High-quality studies, adequately designed and powered to assess patient-centered outcomes, have facilitated updates of guidelines’ recommendations over time. Earlier editions of the guidelines included recommendations supported by publications reporting positive results with the testing of promising science-based interventions in sepsis (1,2). Progress, however, is often not linear. Confirmatory trials are needed and these confirmatory trials, even when they are negative, still move the field forward.

The first study published (2001) that appeared to show a significant impact of a specific treatment of sepsis was that of “early goal-directed therapy (EGDT),” which supported resuscitation of sepsis-induced tissue hypoperfusion targeting first central venous pressure (CVP) and then superior vena cava oxygen saturation (Scvo2) measured with catheter insertion into the superior vena cava (1). The 2004, 2008, and 2012 SSC guidelines recommended these two EGDT targets. However, after three multicenter and multinational studies failed to confirm improved outcomes with CVP and Scvo2 targets, the 2016 guidelines no longer recommended them (16–18). Nonetheless, SSC maintained the principles of early resuscitation with clear statements that sepsis and septic shock are medical emergencies and individualized resuscitation targets remain important.

Similarly, recommendations for choice of resuscitation fluids have changed throughout the years. In 2004, results of a meta-analysis in general critically ill patients supported a weak recommendation to use either crystalloids or colloids as first-line fluids for sepsis resuscitation (19). Subsequent large RCTs demonstrated worse outcomes with artificial starch colloids (20–23). In 2012, the SSC guidelines recommended the use of crystalloids as first-line fluids and recommended against the use of starches (24). Albumin was recommended in the fluid resuscitation of severe sepsis and septic shock when patients require substantial amounts of crystalloids. The 2016 guidelines supported either balanced solutions or saline for crystalloid resuscitation. This recommendation was revisited in 2021 based on the Saline against Lactated Ringer’s or Plasma-Lyte and Isotonic Solutions and Major Adverse Renal Events Trial trials and modified to preferential use of balanced crystalloid solutions (25,26).

Following publication of the 2021 guidelines, two large randomized trials and a meta-analysis comparing normal saline and balanced crystalloids were published (27–29). The subgroup of septic patients in the meta-analysis including these two new studies was reported to have an estimated effect on mortality using balanced crystalloids that ranged from a 14% relative reduction to a 1% relative increase in mortality. This new evidence should be taken into consideration in the next interaction of the SSC guidelines.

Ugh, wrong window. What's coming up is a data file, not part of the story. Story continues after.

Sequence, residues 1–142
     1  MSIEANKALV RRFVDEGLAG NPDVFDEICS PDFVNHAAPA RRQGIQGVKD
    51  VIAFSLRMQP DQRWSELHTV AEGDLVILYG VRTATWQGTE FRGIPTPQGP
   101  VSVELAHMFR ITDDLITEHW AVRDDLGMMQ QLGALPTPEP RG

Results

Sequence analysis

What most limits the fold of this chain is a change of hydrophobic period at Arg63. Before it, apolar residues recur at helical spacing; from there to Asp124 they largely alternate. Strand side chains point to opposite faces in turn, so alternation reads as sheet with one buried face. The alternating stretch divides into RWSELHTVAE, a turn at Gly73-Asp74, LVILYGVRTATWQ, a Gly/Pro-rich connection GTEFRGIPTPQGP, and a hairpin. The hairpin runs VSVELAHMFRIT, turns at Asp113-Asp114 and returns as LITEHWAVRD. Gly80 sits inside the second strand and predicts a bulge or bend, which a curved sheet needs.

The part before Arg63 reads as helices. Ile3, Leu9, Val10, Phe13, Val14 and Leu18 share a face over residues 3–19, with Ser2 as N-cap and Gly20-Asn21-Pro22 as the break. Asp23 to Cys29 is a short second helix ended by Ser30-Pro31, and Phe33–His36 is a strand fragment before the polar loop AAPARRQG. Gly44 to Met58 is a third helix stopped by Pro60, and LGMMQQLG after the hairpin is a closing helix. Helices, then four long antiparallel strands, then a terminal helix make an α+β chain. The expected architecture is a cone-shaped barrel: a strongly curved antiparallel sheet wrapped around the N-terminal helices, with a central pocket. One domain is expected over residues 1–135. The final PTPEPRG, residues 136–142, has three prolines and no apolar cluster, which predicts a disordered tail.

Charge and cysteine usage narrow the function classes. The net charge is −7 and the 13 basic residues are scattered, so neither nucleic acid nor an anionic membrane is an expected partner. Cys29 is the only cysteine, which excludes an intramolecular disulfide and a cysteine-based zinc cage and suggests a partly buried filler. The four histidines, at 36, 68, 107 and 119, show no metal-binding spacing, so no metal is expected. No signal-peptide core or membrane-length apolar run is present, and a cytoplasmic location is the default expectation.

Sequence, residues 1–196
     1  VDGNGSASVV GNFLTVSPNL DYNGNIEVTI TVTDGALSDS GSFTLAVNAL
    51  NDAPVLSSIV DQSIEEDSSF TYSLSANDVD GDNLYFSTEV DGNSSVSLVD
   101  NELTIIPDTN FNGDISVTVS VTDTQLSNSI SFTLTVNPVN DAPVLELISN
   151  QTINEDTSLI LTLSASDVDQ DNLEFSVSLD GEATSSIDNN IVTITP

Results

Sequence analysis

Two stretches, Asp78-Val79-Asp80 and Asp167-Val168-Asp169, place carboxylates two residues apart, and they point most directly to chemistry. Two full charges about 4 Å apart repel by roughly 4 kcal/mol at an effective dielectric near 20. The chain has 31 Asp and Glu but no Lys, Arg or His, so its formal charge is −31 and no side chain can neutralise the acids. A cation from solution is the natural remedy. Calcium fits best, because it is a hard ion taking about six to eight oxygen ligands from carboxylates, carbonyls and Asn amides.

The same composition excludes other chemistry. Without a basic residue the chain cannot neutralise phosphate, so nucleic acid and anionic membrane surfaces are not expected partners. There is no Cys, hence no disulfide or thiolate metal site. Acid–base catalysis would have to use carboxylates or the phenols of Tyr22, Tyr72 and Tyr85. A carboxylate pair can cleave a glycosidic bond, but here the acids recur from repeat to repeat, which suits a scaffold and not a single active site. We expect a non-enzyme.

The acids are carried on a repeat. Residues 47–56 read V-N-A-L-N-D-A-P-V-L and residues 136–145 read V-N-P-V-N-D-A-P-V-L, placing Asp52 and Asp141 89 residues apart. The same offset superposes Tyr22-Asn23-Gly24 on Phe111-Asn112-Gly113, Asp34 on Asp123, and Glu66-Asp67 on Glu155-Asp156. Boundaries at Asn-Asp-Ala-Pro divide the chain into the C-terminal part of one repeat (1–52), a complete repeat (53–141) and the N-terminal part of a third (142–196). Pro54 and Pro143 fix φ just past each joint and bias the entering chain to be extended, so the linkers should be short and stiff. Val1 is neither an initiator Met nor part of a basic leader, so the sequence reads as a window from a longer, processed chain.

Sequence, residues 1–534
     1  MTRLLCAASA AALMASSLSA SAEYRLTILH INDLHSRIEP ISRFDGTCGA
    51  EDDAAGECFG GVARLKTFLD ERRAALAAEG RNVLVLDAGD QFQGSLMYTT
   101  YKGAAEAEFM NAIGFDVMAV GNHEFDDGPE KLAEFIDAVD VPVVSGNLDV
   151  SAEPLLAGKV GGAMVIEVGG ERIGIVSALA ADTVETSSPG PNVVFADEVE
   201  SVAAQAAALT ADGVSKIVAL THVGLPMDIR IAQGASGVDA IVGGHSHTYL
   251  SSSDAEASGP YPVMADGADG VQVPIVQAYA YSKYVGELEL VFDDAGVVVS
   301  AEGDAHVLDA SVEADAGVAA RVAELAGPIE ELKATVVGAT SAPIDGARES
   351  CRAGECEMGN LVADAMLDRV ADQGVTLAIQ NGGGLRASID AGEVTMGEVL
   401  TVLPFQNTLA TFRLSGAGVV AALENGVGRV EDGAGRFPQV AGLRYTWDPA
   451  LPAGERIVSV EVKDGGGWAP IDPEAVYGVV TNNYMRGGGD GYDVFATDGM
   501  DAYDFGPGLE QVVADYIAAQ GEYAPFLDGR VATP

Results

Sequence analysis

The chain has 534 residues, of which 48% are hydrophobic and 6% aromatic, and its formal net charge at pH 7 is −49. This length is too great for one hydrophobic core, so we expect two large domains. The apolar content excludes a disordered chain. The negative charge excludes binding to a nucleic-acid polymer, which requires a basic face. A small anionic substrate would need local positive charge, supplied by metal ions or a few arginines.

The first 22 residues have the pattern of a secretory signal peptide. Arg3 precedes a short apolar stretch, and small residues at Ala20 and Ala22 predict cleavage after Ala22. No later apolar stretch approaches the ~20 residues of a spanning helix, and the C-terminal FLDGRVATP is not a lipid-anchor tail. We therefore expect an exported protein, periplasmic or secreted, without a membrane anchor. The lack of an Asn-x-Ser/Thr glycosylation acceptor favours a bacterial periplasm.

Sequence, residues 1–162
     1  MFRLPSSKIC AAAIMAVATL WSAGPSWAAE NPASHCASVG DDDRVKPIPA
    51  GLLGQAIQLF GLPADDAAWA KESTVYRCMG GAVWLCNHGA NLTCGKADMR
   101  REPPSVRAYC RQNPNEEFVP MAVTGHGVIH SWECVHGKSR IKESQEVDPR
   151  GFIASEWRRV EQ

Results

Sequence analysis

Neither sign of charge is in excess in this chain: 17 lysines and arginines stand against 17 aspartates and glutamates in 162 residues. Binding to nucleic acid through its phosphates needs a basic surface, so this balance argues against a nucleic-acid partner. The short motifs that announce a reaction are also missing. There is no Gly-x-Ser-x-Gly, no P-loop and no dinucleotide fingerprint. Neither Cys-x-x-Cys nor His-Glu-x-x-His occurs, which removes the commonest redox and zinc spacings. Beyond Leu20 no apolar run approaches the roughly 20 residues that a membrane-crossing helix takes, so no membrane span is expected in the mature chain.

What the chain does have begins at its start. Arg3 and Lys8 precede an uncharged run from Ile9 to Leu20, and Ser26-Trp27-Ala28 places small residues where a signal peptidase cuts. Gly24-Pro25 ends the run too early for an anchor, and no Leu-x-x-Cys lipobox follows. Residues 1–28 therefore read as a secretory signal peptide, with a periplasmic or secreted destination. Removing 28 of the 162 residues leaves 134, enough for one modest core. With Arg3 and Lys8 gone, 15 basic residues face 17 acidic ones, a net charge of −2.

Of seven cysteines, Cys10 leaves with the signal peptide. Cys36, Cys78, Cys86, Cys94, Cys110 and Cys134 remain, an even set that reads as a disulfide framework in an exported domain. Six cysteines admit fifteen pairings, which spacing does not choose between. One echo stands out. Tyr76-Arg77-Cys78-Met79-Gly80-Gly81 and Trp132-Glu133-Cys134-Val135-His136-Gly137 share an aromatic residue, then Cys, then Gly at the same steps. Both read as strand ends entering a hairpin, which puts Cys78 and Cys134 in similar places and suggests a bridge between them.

After a single study showed a large reduction in mortality with the use of low dose (200 mg/d) IV hydrocortisone, the 2004 SSC guideline issued a recommendation to use corticosteroids in patients with septic shock (3). However, a subsequent study in septic patients with less severe shock failed to show improved outcome and the 2008 guidelines suggested corticosteroids be given only to adults with septic shock after blood pressure is identified to be poorly responsive to fluid resuscitation and vasopressor therapy (30). The wording of the recommendation changed subtly in 2012 and 2016 to suggest against IV hydrocortisone to treat adult septic shock patients if adequate fluid resuscitation and vasopressor therapy were able to restore hemodynamic stability. Two major RCTs published in 2018, Adjunctive Corticosteroid Treatment in Critically Ill Patients with Septic Shock and Activated Protein C and Corticosteroids for Human Septic Shock, led to a weak recommendation in the 2021 guidelines in favor of corticosteroids in patients with ongoing shock following fluid resuscitation. The committee follows this recommendation with a remark that supports a specific threshold vasopressor dose for triggering administration, with steroids commenced when the dose of norepinephrine or epinephrine is greater than or equal to 0.25 µg/kg/min at least 4 hours after vasopressor initiation (31,32). Using steroids as an example, the timeline depicted in Figure 2 gives a sense of how clinical trial results of corticosteroids in septic shock influenced guidelines recommendations between 2002 and 2021.